Fuel and van insurance savings ok but more chargers please

In a recent statement by Schneider Electric, national EV business manager David Greaves, the multi-national conglomerate is right behind the government’s recent announcement of offering up to £8,000 off the list price off one of seven makes of electric van, trumping the figure dangled as the carrot for domestic drivers by 60%.

However, the lack of plug-in top-up chargers is a very real consideration and may be counter productive in the big scheme of the government initiative until it irons out that very big crease. There are plusses and minuses for both car and van drivers aside from the issue that both will qualify for either cheaper car or van insurance by going ultra-marine green in their driving

Car drivers do tend to drive less miles and their routes are, give or take, fixed five days a week. The school and place of work never get any further away from home then they were when you went to bed last night.

Business customers, however, if the sales team are doing anything like a decent job, can come from anywhere. For a rep going into a new lead, only to be told when they get back to the office that the customer cannot be serviced because the vans won’t make it there and back on one charge, is as big a downer than someone who doesn’t think like a rep on commission (and they do think very differently) would believe.

On the opposite side of that coin, commercial vehicle drivers will see more of a benefit from the fuel savings that are forecast by adopting electric vans, as well as the expectation of greater savings by taking out multiple cheap van insurance policies, than the domestic driver. And the savings keep topping up for those who convert more of their range to electric power.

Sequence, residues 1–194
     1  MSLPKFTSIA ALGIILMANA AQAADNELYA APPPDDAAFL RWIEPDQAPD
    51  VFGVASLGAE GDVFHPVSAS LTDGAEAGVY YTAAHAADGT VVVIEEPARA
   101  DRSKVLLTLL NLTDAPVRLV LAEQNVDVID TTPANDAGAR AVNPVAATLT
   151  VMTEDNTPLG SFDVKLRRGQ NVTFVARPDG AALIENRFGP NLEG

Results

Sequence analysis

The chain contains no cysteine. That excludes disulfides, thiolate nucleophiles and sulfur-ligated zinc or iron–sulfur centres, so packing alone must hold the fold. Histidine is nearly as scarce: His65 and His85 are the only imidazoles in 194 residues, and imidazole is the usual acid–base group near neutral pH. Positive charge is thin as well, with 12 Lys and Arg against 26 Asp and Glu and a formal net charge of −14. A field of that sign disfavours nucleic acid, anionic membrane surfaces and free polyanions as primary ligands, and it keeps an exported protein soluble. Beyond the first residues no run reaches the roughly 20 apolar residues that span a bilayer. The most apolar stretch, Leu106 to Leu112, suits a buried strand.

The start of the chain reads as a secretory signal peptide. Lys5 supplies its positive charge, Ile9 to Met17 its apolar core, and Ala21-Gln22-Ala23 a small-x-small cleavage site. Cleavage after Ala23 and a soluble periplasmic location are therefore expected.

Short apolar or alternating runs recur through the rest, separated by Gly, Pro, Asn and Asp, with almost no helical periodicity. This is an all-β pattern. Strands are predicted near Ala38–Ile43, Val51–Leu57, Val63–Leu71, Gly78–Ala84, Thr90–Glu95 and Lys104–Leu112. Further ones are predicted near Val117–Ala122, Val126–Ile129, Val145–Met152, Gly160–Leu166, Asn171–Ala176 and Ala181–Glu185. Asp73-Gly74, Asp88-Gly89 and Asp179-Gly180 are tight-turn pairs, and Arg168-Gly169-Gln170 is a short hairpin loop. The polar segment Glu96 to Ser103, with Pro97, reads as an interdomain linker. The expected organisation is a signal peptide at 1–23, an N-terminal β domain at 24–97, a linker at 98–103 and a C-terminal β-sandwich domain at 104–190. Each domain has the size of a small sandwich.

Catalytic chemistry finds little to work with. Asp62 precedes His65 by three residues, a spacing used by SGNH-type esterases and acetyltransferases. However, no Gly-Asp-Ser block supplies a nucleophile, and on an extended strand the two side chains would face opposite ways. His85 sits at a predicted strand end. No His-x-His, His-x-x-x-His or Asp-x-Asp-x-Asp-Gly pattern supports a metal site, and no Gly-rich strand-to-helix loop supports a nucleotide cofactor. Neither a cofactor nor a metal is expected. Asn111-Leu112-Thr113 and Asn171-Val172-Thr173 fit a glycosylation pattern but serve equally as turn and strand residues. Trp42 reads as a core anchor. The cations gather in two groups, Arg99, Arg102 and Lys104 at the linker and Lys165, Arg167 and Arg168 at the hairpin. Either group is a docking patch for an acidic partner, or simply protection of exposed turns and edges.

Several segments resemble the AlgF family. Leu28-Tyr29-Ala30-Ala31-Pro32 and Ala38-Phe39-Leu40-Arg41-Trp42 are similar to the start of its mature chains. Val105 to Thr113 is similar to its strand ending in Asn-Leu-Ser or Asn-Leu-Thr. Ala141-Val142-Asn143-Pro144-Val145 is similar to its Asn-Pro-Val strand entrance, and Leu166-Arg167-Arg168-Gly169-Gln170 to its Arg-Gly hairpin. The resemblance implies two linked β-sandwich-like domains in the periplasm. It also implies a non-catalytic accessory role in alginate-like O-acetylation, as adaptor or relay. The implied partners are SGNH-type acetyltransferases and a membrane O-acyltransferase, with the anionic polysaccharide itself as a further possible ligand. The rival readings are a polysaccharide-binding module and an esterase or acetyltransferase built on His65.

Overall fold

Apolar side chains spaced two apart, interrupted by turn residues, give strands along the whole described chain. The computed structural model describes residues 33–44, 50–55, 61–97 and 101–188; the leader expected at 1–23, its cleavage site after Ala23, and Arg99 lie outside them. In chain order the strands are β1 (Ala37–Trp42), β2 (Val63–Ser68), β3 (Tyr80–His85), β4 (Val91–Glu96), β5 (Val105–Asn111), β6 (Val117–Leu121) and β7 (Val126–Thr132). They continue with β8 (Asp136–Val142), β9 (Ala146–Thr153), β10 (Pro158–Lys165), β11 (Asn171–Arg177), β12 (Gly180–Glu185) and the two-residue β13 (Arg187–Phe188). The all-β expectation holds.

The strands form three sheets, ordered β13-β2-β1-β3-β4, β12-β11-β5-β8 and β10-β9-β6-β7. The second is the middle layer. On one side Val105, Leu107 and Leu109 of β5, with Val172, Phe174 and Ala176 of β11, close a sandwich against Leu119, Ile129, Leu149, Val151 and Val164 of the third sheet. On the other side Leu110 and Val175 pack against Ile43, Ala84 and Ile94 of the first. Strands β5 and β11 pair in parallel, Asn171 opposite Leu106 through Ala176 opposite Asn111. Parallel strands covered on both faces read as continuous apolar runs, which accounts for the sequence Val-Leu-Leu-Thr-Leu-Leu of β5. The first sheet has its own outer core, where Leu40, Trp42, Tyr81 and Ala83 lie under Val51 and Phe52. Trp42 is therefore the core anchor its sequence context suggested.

Due to the engine efficiency needed to deliver zero emissions, it is perceived that there will be less time off road for maintenance, especially where the battery is concerned. One of the quirks of the sales structure that all manufacturers and dealers of the EV range is adopting is that the manufacturer retains ownership of the battery at all times; the van owner leases the battery in a win-win situation. The manufacturer gets constant income and the worry of maintenance is never a concern of the van owner nor their insurance broker, which is one of the reasons that cheap van insurance is associated with the electric van range.

Predictions are, in the short term, that smaller organisations who have a very local customer base, or franchises that are part of national chain and look solely after the customers that fall within their boundary, will be the first to jump on the EV bandwagon. This will depend upon having adequate numbers of top-up charging points to really swing the deal – fuel savings and cheap van insurance will not be enough in their own rite; last year, installation was woeful against the target number of 4,700 EV charging points, achieving the grand total of 704 that were fully functional.

If the government is serious, it will have to do a whole lot better than that to convince both the public and industry that they can genuinely get behind the green van revolution and achieve the downsized carbon footprint required.

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